For some people, being responsible might mean planting a garden in the yard or buying organic produce from a local farmers market, Berry suggests. Responsibility also requires addressing the divide between “body and soul, Heaven and earth,” that has removed the creator from the creation.  

These themes appear throughout both volumes of “What I Stand On” as Berry deepens and broadens his ideas about the causes of environmental destruction and how they relate to history, science, religion, art, and social standards. As he states in “Life Is a Miracle” (2000), his second major work, the reclassification of the world from creation to machine must result in a lessening of moral clarity. “So must the shift in our perceived relationship to nature from that of steward to that of absolute owner, manager, and engineer. So even must our permutation of ‘holy’ to holistic.”

“What I Stand On” is essential reading for those who want to understand how we arrived at this point in time, and how we can begin to shift our standards, priorities, and habits. While some arguments are repeated several times, Berry is a thoughtful, wise voice of reason who has always appealed to those on both sides of the political aisle. His thinking and approach provide a model for those who want to foster change today in how we care for the earth.  As Berry says, “To cherish what remains of it, and to foster its renewal, is our only legitimate hope.”

Read our interview with Wendell Berry here.

Editor’s note: This article has been corrected to say that Library of America will soon publish a second book of Wendell Berry's fiction, not essays.

You've read  of  free articles. Subscribe to continue.

Dear Reader,

About a year ago, I happened upon this statement about the Monitor in the Harvard Business Review – under the charming heading of “do things that don’t interest you”:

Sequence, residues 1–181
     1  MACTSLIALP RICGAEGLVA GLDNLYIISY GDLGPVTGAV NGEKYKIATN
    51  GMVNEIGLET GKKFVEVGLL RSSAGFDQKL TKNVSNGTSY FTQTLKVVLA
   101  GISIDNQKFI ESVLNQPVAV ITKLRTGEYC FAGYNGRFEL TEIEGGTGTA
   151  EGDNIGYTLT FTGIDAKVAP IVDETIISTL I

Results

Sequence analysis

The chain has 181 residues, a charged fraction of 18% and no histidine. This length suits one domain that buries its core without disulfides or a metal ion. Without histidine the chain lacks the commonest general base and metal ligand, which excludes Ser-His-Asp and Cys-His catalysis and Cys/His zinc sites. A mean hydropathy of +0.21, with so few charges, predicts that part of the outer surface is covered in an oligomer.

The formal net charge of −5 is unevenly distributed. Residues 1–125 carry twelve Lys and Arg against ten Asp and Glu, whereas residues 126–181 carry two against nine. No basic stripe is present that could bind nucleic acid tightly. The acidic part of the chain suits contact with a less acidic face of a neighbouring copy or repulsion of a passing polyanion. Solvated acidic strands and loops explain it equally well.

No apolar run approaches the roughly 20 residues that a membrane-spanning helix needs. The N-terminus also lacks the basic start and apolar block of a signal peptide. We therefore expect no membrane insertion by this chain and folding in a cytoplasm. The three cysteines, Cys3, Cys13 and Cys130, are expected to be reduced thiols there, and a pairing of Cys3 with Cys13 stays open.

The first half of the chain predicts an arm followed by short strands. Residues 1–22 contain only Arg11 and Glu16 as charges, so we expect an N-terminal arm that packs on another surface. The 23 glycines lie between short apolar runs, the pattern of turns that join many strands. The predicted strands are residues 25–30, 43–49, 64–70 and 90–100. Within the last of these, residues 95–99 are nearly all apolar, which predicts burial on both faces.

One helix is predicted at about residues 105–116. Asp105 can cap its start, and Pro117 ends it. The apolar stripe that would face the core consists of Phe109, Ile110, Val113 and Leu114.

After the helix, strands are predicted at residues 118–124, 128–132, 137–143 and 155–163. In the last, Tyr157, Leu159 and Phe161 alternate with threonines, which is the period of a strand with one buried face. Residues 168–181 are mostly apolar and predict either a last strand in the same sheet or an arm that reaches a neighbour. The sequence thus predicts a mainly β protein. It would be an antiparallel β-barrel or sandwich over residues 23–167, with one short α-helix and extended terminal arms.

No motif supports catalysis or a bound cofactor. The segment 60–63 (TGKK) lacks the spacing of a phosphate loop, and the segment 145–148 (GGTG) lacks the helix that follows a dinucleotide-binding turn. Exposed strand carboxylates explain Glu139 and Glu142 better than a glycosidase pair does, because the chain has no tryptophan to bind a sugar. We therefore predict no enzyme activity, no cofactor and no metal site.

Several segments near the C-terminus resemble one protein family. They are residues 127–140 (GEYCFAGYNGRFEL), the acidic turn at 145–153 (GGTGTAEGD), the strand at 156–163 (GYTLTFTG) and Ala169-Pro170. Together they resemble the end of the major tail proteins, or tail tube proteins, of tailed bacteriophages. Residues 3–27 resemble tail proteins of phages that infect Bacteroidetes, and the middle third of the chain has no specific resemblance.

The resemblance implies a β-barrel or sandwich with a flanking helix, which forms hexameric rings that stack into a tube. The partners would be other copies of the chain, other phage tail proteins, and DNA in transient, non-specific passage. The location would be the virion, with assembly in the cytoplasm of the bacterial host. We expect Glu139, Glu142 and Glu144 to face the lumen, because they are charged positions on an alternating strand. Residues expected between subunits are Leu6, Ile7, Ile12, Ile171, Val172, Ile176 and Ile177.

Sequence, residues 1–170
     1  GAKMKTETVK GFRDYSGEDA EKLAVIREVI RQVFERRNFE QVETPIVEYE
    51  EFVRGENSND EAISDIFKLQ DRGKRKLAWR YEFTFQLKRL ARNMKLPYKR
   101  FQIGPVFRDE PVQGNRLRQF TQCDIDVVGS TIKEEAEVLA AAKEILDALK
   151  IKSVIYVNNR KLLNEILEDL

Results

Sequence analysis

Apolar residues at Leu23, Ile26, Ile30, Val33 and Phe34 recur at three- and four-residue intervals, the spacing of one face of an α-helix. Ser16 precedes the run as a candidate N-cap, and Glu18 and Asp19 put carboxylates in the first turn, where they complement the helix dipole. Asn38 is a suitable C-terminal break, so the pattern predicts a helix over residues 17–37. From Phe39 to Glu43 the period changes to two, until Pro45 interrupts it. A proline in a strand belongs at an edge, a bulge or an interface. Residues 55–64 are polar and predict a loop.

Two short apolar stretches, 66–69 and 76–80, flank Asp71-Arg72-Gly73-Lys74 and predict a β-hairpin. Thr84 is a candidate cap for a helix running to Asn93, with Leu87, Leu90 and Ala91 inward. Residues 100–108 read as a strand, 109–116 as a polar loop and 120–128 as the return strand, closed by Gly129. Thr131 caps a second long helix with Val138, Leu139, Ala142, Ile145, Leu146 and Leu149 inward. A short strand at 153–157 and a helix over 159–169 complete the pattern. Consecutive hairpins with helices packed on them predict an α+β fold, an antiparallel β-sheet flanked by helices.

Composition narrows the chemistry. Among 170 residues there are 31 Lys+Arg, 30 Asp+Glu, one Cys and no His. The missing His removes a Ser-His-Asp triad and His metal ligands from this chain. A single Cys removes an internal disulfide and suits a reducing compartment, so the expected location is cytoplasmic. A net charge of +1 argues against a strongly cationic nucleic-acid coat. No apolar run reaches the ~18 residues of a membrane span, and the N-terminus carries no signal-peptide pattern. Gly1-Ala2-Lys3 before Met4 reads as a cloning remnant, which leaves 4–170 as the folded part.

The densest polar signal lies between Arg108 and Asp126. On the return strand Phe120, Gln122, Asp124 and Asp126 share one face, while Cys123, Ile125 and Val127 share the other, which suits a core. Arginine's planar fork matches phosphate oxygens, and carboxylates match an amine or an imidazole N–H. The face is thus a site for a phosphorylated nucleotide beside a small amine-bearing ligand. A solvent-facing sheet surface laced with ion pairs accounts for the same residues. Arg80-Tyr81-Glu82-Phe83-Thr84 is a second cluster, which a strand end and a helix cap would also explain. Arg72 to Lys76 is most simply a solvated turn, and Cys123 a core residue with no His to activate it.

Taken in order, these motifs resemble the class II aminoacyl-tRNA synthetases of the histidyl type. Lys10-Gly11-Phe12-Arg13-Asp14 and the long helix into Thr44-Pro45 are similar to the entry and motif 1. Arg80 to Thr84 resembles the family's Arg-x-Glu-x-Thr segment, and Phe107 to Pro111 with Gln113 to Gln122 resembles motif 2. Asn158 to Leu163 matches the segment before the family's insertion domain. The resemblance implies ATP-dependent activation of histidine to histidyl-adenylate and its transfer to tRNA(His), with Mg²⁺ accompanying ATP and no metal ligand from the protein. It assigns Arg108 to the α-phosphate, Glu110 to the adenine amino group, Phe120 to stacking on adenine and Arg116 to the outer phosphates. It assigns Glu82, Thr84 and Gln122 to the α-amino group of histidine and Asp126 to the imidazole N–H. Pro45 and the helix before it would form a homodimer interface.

“Many things that end up” being meaningful, writes social scientist Joseph Grenny, “have come from conference workshops, articles, or online videos that began as a chore and ended with an insight. My work in Kenya, for example, was heavily influenced by a Christian Science Monitor article I had forced myself to read 10 years earlier. Sometimes, we call things ‘boring’ simply because they lie outside the box we are currently in.”

If you were to come up with a punchline to a joke about the Monitor, that would probably be it. We’re seen as being global, fair, insightful, and perhaps a bit too earnest. We’re the bran muffin of journalism.

But you know what? We change lives. And I’m going to argue that we change lives precisely because we force open that too-small box that most human beings think they live in.

The Monitor is a peculiar little publication that’s hard for the world to figure out. We’re run by a church, but we’re not only for church members and we’re not about converting people. We’re known as being fair even as the world becomes as polarized as at any time since the newspaper’s founding in 1908.

We have a mission beyond circulation, we want to bridge divides. We’re about kicking down the door of thought everywhere and saying, “You are bigger and more capable than you realize. And we can prove it.”

If you’re looking for bran muffin journalism, you can subscribe to the Monitor for $15. You’ll get the Monitor Weekly magazine, the Monitor Daily email, and unlimited access to CSMonitor.com.

QR Code to Wendell Berry takes a stand on stewardship of the earth
Read this article in
QR Code to Subscription page
Start your subscription today